A partner in bringing tennis to the Ninth Ward with ARISE and HandsOn New Orleans is the A's and Aces National Junior Tennis and Learning (NJTL) chapter, whose staffers are integrated into the school offering tennis instruction and classroom assistance. With a mission statement calling to provide academic help, life skills and tennis instruction to New Orleans public school children as a way to increase their opportunities for success, leading the A’s and Aces effort each day is Dr. Anna Monhartova, a one-time professional tennis player out of the Czech Republic. Monhartova starred in college for Tulane University and knows the value of education – while attending, she was a member of the university’s Honors program while double-majoring in Political Science and Russian en route to a doctorate, returning to the school as an adjunct assistant professor. Monhartova co-founded the A’s and Aces NJTL in 2008.
"Tennis is important for kids socially, emotionally – its opportunities go beyond the physical benefits," said Monhartova. "A’s and Aces is part of the New Orleans community. We’re thankful for all the support we’ve had from local organizations and government to get our kids playing."
Shahan undertook the re-establishment of the one-time George Washington School after getting a fellowship with New Schools New Orleans, a charter school incubator. From there, he learned how to write a charter for the school he wanted to create. When the school opened in 2009, he met a student base that tested in the third percentile for their age.
"At one time this was, effectively, the worst public elementary school in America – students here scored lowest in New Orleans, the New Orleans parish (county) was worst in all of Louisiana and Louisiana was ranked dead last in education in the United States," said Shahan. "You couldn’t be any worse. Often you’ll hear someone – with pride – say that they’re the first in their family to attend college. We have kids here that are first-generation readers.
"Its hard to expect kids to learn how to read if their parents can’t help them do so."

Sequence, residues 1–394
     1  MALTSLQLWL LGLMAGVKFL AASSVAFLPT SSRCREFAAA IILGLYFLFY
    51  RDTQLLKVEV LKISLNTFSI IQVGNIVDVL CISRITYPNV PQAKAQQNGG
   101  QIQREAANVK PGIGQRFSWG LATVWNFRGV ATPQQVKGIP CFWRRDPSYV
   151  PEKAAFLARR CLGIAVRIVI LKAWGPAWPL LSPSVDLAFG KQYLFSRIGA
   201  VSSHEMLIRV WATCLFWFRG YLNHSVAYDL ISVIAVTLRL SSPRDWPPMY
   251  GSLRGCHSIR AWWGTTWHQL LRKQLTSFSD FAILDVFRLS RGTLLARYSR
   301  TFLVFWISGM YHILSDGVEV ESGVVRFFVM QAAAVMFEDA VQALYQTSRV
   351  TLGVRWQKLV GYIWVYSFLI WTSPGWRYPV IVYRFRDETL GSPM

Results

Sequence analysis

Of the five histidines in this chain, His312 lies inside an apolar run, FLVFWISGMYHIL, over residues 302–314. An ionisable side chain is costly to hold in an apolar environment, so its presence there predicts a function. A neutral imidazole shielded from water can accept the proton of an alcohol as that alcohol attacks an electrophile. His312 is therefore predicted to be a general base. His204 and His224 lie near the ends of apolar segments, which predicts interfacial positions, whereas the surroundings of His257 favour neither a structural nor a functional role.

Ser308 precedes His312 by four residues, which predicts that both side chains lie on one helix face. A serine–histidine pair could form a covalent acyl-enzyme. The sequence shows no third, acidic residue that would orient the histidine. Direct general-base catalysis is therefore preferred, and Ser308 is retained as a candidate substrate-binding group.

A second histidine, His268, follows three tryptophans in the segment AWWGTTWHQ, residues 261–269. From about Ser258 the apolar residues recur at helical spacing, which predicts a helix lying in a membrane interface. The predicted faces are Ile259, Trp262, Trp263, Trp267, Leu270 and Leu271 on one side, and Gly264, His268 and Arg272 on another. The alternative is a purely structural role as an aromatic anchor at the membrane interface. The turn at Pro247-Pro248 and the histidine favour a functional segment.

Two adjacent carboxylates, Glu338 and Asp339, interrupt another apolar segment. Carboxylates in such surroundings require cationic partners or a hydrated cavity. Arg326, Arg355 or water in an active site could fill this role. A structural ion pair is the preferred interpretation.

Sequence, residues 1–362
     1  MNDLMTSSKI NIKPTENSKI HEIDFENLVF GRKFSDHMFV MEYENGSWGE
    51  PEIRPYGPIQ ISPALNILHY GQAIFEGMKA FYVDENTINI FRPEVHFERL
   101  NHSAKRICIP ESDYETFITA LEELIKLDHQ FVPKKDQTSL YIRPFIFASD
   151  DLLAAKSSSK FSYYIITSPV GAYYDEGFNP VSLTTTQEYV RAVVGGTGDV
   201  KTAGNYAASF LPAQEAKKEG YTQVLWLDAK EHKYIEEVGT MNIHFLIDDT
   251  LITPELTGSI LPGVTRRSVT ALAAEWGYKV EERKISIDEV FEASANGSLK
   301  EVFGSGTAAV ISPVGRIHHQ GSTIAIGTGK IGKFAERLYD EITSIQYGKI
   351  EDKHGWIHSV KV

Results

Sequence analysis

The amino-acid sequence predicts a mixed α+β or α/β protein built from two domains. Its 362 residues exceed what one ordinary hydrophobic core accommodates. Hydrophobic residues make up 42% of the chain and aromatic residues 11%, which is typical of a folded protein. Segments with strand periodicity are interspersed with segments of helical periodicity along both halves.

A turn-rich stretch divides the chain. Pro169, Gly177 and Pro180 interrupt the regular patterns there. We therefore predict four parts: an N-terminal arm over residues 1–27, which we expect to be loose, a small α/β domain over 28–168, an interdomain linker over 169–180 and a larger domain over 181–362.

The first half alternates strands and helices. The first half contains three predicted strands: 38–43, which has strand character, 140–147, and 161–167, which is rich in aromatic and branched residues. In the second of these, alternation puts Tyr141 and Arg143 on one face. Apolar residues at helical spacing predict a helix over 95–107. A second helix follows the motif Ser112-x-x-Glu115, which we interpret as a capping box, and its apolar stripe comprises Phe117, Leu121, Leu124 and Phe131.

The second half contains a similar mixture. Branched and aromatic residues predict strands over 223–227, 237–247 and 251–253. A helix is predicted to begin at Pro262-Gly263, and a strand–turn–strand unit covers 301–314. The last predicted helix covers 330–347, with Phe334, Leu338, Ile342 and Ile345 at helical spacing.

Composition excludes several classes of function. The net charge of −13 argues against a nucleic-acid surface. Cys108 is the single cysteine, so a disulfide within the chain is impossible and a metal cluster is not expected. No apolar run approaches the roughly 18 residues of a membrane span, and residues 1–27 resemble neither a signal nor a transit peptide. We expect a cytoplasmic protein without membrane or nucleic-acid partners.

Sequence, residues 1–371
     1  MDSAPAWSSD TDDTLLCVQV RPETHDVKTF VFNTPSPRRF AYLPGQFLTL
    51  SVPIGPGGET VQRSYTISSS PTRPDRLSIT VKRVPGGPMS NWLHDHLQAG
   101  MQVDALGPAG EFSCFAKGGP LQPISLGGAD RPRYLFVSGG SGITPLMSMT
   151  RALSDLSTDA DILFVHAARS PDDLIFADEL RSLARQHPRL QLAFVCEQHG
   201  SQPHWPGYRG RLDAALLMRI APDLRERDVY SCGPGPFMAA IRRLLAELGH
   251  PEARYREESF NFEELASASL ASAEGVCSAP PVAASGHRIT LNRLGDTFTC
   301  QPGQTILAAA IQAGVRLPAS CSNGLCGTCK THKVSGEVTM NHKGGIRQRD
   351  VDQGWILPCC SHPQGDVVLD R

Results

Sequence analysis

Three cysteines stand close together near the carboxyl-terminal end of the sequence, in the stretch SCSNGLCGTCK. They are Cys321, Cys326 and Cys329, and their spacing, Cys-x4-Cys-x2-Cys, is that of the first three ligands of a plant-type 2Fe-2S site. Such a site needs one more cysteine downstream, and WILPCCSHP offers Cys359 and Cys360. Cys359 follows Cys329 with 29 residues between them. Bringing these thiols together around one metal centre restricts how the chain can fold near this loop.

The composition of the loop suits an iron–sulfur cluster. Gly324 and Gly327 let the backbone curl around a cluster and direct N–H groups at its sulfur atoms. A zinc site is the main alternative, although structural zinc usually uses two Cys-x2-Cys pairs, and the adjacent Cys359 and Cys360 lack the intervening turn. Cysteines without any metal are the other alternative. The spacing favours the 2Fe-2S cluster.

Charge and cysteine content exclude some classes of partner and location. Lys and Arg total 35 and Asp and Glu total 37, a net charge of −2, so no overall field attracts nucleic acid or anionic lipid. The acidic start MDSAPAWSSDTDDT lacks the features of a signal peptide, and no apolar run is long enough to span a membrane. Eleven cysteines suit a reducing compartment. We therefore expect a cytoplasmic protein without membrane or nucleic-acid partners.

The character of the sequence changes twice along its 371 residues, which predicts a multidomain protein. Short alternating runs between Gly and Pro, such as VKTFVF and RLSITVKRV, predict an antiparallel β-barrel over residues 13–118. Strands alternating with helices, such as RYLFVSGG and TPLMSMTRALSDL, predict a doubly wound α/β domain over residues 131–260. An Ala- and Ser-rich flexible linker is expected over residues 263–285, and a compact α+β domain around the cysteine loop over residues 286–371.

How To Improve: Follow By Example
The clean-up and rebuilding efforts are part of a greater initiative sponsored by HandsOn New Orleans in memory of the life Martin Luther King Jr., as a "Day of Service:" The main idea being that the annual holiday from work should be a day "on" rather than a day off for the city’s residents to give back to New Orleans. Last October, with the organization’s annual Community Tennis Development Workshop already scheduled for the Crescent City, the USTA reached out to see how it could contribute to HandsOn’s goal and simultaneously promote and develop tennis and the plan to assist ARISE Academy was constructed.
The not-for-profit organization was born in the aftermath of Hurricane Katrina in 2005 and has mobilized over 32,500 volunteers into over 600,000 hours of service in Louisiana – just the start of their work in rehabilitating an area in crisis.
"For me, as the head of the organization, a day of service is where you can get a diverse group of individuals together – such as the group we had today – to deliver major contributions in a short time frame," said Cathy Puett, HandsOn New Orleans Executive Director. "What this group took on and accomplished inside of two, three hours makes a huge impact here in New Orleans.
"Hopefully when you have days like these you can also inspire others to take on smaller projects – so when the USTA is not here, we’ll have locals or other community groups that can handle those tasks."